With my ability to balance on the flat side of the Bosu ball, Bernard could expand some of our movements. In the next few weeks we began a new exercise with the ball. It would involve more than just balancing on the Bosu ball. Those days were most likely behind me. Bernard began with me taking a stance on the rounded side of the ball, the easier of the two sides for balance. We started tossing a six-pound exercise ball back and forth. My part was to throw underhand and catch the return toss, while maintaining body stability on the ball. The exercise was accomplished and like so many times before, time to add complexity. He had me turn the Bosu ball over, balancing on the flat side. The nervous energy came back when thinking of the challenge. Just maintaining my balance on the flat side of the ball was difficult, now it had to be done with movement. The very thing that didn’t seem possible a few weeks prior was becoming part of my experience. He handed me the exercise ball and hand me climb on the Bosu ball. Again, my mind wondering if this was going to end in a topple over. Bernard wasn’t going to be there to catch the fall, as he was standing away to play toss. Everything turned out to go well. The most challenging part was catching the return toss, as the six-pound ball effected the center of gravity. It became important to tighten the core and be prepared for the exercise ball on its return trip. There was no fall and as we concluded, the step off felt seamless.
Our next step with the Bosu ball seemed to enter the mind of Bernard. As the following week saw the ball come back into play. We began again by tossing the six-pound exercise ball underhand. First, on the rounded side of the Bosu, then continued on to work from the flat side. The balance felt better from our work the previous week. The ball traveled back and forth until our set was finished. The dismount from the top of the Bosu ball went well again, no fall, and it seemed we were finished. Bernard had other things in mind, as the exercise ball was handed back to me with instructions. We were going to work on a Bosu ball squat. The very exercise seeming outside my ability. Balanced myself on the ball and performing any movement would be challenging. Bernard wanted me to hold the exercise ball out in front with arms straight. Then, after finding balance, squat to about 45 degrees, before standing back up. The challenge would be maintaining balance with the added movement making it more challenging. Getting up onto the flat side of the ball worked as before, but maintaining balance another story. The added parts of the movement caused uneasiness right away. My legs wobbled back and forth, trying to keep the Bosu ball steady under my body. Bernard had me squat once, then twice, holding the 45-degree angle for a count or two before rising. On the third attempt, my legs wobbled too much. Recovering my balance didn’t occur, as Bernard reached out to catch my tumble. But, he didn’t need to, as all our practice getting on and off the ball came in handy. The footwork we learned had become more natural and even as my balance gave out, I quickly dismounted the Bosu ball safely. With the new understanding of safety, I could recover from the loss of balance, I got back on the ball, completing the round of Bosu ball squats.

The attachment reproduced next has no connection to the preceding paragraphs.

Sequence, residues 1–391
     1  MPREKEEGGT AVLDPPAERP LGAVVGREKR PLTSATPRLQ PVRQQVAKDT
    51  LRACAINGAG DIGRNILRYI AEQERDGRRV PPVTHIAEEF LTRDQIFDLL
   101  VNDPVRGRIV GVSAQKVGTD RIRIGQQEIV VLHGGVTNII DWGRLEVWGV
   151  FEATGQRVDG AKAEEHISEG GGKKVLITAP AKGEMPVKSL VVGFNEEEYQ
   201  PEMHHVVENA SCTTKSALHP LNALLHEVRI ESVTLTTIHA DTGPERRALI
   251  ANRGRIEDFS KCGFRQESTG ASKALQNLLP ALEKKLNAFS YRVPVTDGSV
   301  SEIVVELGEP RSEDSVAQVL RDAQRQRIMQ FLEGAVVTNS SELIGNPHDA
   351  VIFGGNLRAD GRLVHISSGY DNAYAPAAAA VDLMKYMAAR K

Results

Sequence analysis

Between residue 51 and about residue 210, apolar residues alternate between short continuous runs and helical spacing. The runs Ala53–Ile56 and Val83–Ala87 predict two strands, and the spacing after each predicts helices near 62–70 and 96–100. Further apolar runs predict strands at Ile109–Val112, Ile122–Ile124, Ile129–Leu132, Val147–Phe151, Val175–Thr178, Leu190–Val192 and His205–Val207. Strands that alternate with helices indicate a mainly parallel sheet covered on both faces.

The Bosu ball squat was another new gym experience. Watching people throughout my time at the gym work on the ball caused me to think it not likely. The balance to stand on the flat side of the Bosu seemed too complex. Paired with the fear of falling off, the exercise made sense to stay away from. Bernard had other plans for my workout progression. Someone who has the experience to help grow my ability to balance. He understands the steps required to reach balance goals that for me seem out of reach. Those small steps also help reduce the fear surrounding balance. We have reached an accomplished place with the Bosu ball. A place where confidence in working while balanced on it has been executed. The exercises prove many things about our ability to improve. The most important might be trusting in the process. Having faith, the small steps being taken all lead to an ability feeling out of reach at the time. We started by testing balance on the rounded side of the Bosu ball. With a hand hold nearby, one leg was balanced on for just as long as I could. Today, we have progressed to balancing on the flat side without a hand hold. Performing squats with an exercise ball, while maintaining that balance. It has been a humbling progression for me, to see our small steps come together in accomplishment. If we break things down into small steps, taking our time to trust the process, we may just surprise ourselves.